Abraham's Calling | Performing Arts Review | Chicago Reader

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Abraham's Calling

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Abraham's Calling, TriArts, Inc., at Wellington Avenue United Church of Christ, Baird Hall Theatre. This earnest opera-cum-Sunday-school-pageant fails on every level: intellectual, dramatic, even musical. Maybe it's possible to understand conflict in the Middle East as the result of disputes over Abraham's sacrifice of his son (Jews say it was Isaac, Muslims Ishmael), but that seems unlikely: the intifada is at best about more complicated ideology and at worst about power and land.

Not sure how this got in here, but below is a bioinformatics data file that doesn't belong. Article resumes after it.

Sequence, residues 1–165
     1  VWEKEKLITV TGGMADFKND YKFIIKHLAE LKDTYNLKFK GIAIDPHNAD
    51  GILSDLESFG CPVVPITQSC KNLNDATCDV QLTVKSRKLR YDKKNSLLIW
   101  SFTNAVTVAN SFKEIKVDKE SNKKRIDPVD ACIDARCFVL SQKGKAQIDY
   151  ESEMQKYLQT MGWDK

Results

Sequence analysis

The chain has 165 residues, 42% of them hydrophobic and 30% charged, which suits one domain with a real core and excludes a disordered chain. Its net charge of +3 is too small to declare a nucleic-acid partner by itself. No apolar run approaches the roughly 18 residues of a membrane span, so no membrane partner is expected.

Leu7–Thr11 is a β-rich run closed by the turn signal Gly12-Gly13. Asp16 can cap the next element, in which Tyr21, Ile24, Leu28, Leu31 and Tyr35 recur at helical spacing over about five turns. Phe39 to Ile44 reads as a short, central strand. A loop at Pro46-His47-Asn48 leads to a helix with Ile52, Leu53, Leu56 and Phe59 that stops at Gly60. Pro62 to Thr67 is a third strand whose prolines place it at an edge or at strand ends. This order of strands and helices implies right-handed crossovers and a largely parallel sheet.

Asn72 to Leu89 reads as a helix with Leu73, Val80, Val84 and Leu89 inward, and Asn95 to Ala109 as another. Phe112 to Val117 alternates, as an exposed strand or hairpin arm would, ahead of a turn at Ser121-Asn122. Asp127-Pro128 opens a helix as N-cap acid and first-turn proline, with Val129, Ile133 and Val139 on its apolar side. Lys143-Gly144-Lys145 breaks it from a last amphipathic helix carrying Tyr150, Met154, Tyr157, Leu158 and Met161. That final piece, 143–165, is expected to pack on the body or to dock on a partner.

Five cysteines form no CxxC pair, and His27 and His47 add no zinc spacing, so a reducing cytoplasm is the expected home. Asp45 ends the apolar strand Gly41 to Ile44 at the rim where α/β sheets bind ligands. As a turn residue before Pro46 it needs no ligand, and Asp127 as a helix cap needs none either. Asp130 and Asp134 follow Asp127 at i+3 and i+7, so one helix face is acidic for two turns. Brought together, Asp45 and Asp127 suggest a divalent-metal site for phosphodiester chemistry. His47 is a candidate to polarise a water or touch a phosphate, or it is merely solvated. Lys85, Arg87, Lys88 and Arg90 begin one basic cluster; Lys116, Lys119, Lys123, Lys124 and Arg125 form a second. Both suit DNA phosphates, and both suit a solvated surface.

Even if we accept its simplistic central notion, the show still lacks a plot--relentless biblical chronology doesn't qualify. Creator-director Andrew Park clearly intends to evoke religious ritual through repeating bits of song and dialogue, but succeeds in evoking only boredom. Some of the voices are very good, and the traditional liturgical music is excellent. But the contemporary pieces have lyrics like "I want to grow, I want to live, I want to share, I want to give" and are set to forgettable tunes that make "Day by Day" sound like an aria. A supersize puppet representing Babylon, into whose belly cast members disappear, provides one of the evening's few high points, along with the 15-second dance with which Vayram Nyadroh as Hagar seduces Abraham, who's garbed and coiffed to look like Jesus. Sadly, the show bears the hallmarks of Christian arrogance, specifically the conviction that Jews and Muslims are simply too stupid to work out their problems and need help from the enlightened West.

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